Friday, January 3, 2014

Lego Organization. How We Roll.

You may remember when I first approached this daunting topic, here. You know, the impossible feat of organizing organisms...well, they feel that small to me. Since Christmas, Hanukah, and a December birthday have passed, we have been hit again by the influx of yet, MORE LEGO! I think I need a support group.

Recently, I was asked about Lego organization by a flustered friend of mine and it inspired me to write this follow up post on what storage solution is working best for us (more like a work in progress). These tiny little evil bricks have caused equal amounts of joy and pain in our home. Mental and physical - the bottom of your feet will agree, and my eyeballs cannot go for more than a minute without scanning a Lego brick or mini-figure in my sight line. Legos and my boys are like peas and carrots. If you are like us, you have a Lego problem.
In all reality, the toy is fantastic. There is nothing better than watching your child sit for hours following written directions to build the monumental Death Star or Empire State Building, or use their imagination to create a masterpiece of their own. It's all educational, fun and inspiring, until it's time to clean them up. Or really, do they ever actually ALL get put away? If your answer is "yes," then I hate you. You're lying, or your kids don't love Legos the way mine do, or truthfully, maybe you're just more well adjusted and not OCD like me. This is a story about brick frustration - somewhat self-inflicted. And, continue rant...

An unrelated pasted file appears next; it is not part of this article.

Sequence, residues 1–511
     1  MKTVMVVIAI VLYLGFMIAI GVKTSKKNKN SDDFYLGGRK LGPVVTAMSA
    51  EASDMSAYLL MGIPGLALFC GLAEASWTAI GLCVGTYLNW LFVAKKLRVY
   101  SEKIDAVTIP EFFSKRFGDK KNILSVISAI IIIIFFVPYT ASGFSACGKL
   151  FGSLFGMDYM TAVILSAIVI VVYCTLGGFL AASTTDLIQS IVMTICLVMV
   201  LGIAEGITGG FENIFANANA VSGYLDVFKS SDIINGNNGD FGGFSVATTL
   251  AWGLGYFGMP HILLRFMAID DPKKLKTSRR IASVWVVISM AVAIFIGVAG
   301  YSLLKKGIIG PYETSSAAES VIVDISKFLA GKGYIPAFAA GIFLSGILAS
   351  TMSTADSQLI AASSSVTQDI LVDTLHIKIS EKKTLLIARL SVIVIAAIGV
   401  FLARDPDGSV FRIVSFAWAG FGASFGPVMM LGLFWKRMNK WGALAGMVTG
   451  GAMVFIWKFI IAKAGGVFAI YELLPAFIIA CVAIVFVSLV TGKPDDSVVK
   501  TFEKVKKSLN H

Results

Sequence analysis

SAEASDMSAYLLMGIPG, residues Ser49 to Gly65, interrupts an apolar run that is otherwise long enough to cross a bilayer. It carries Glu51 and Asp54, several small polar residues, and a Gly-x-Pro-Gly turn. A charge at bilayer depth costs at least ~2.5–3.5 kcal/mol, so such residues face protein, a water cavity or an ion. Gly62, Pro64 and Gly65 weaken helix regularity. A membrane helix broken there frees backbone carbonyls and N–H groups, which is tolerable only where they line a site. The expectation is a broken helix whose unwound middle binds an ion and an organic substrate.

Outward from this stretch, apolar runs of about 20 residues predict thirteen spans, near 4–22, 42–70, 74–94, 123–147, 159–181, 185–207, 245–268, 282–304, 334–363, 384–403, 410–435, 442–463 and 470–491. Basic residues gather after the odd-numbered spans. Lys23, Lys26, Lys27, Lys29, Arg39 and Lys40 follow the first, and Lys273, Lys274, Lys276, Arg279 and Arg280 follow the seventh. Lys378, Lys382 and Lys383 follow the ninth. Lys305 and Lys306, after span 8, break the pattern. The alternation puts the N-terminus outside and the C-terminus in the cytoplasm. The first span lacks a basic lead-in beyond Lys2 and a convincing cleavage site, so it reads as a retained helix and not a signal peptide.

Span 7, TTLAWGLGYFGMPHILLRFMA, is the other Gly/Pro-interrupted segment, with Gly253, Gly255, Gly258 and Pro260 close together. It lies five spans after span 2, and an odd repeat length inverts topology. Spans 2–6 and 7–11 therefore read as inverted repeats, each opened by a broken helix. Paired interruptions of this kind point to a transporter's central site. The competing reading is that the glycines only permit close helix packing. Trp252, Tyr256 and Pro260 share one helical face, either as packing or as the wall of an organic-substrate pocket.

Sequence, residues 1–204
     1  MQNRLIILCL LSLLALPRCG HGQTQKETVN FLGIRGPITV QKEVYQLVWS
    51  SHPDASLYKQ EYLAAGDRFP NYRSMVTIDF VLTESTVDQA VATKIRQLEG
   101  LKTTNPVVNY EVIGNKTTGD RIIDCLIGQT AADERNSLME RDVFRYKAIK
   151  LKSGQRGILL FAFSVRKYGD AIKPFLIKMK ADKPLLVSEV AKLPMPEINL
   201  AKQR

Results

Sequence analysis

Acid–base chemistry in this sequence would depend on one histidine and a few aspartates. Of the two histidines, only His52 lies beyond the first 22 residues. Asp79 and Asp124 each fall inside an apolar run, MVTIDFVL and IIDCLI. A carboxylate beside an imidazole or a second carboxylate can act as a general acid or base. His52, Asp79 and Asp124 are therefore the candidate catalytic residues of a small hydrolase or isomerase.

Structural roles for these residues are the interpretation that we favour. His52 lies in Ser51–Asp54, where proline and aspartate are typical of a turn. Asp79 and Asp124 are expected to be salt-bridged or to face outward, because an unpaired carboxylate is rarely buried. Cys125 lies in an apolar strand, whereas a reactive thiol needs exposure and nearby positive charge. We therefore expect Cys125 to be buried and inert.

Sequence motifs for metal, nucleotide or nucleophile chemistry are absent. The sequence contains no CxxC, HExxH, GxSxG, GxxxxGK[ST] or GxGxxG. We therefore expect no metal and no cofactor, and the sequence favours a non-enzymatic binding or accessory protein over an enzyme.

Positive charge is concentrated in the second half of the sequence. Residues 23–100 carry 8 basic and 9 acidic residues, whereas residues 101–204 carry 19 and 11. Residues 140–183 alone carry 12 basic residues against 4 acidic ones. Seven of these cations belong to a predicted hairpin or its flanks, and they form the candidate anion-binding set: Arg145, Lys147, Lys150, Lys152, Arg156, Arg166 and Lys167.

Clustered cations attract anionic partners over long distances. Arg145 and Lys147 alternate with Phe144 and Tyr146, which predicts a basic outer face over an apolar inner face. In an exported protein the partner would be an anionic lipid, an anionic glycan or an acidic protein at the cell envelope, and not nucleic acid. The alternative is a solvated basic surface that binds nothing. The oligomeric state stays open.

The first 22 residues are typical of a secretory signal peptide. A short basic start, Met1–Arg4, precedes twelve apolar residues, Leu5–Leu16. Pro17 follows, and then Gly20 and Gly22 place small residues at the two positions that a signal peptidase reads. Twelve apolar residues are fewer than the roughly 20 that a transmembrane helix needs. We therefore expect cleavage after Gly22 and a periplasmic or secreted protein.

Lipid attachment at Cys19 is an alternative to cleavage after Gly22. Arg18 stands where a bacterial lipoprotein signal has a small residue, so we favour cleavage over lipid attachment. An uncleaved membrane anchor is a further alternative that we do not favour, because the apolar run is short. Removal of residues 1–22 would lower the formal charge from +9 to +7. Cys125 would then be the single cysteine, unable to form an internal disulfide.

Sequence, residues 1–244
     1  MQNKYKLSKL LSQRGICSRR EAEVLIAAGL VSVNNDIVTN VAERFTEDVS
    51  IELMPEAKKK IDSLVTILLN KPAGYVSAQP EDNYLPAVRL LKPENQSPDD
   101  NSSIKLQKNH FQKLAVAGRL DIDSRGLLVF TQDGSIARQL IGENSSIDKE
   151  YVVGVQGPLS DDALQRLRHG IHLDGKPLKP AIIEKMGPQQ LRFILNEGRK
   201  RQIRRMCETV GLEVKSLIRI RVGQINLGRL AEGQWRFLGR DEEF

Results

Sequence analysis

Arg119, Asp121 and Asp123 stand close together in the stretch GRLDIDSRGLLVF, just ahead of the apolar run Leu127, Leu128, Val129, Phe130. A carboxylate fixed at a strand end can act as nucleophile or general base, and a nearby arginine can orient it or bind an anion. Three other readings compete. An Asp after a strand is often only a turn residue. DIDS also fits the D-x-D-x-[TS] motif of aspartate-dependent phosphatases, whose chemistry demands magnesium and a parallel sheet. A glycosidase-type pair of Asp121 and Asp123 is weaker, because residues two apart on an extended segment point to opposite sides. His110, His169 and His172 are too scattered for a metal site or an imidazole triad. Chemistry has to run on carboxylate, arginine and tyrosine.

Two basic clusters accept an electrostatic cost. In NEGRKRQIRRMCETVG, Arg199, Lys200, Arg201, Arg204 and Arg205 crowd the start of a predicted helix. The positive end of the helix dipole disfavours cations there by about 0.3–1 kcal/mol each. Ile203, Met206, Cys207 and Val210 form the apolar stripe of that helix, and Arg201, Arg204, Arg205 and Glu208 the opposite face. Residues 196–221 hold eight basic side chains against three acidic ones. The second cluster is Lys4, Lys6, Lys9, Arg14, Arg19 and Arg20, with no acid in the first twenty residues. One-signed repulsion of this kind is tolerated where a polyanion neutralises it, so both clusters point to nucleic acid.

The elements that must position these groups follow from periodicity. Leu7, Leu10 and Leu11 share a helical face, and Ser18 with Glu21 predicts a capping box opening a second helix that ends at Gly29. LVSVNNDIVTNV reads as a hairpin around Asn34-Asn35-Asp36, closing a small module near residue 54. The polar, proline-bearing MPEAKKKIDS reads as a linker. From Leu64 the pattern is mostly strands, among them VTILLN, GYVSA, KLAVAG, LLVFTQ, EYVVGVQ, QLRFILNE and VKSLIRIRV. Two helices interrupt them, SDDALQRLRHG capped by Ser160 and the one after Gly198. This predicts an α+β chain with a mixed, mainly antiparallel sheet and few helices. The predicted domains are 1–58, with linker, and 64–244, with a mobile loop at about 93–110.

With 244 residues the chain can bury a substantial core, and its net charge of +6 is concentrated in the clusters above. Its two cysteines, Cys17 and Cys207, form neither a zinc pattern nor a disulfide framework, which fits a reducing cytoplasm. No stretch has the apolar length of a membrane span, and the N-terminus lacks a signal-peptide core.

Here is the biggest problem I have with Lego and the reason it can be the bane of my existence. Some of these more intricate Lego sets can cost in the realm of $150-$200 and up, per set. My issue is, that barring a trip to Disneyland, on nothing else would I spend this type of money for a few hours of use. My son will spend a half of a day constructing these sets, he will play with them like one would a doll house, and then what? Well, after several days, it needs to be put away. I don't have space to display every set created, and unlike many that will argue this point, I refuse to just throw them into a box with a million other sets, to never be built again as written.

I am fully aware that many parents are totally comfortable with dismantling the project and dumping it into a communal bin. This is not okay with me and it is not okay with my 8 year old. My influence? My OCD? Could be... but it really does pain me that the life span of an expensive Lego set is truncated by our ability to store it. In a perfect world, a set could be built and rebuilt again, with all of the pieces in tact. Some would argue that the communal bin inspires creativity...well, in my home, it inspires frustration and the inability to find ANYTHING! Oh, and keeping the original boxes? Not an option.
Okay, here is how we roll, and what we have discovered....

What we don't like. Don't sort by color.

Sorting by color makes it really difficult to find specifically shaped pieces. This is a common way I've heard parents say they organize, and we just think it makes pieces WAY harder to find.
Needle in a haystack.

Sort by type. We have two "types." By set, and by piece.

We found nut and bolt compartments at the hardware store which served us well in sorting the tiny and specialty pieces.

We also have some smaller sets sorted in these plastic drawers- which I hate, and they are hitting the road as soon as I can get re-organized in the new bins highlighted further down in this post.

Mini-figure/Accessories drawer

This has worked best for set-sorting

Gallon size ziploc bags work great for storing larger sets. We typically will put a set in one or two large bags and the tiny pieces in a snack or sandwich style ziploc bag.
The bags then fit nicely into a box or basket, like this one, from IKEA.
and tucked away into a shelving system like the IKEA EXPEDIT.

Lastly, OF COURSE we do have general combo bins, but we feel strongly about the preservation of some of our more special sets. Monster Fighters live with monsters and Zombies, Luke and Darth are with Jabba, and so on. Segregation is okay in the Lego community.

Good Luck. May you keep your Legos stored and your feet imprint free.

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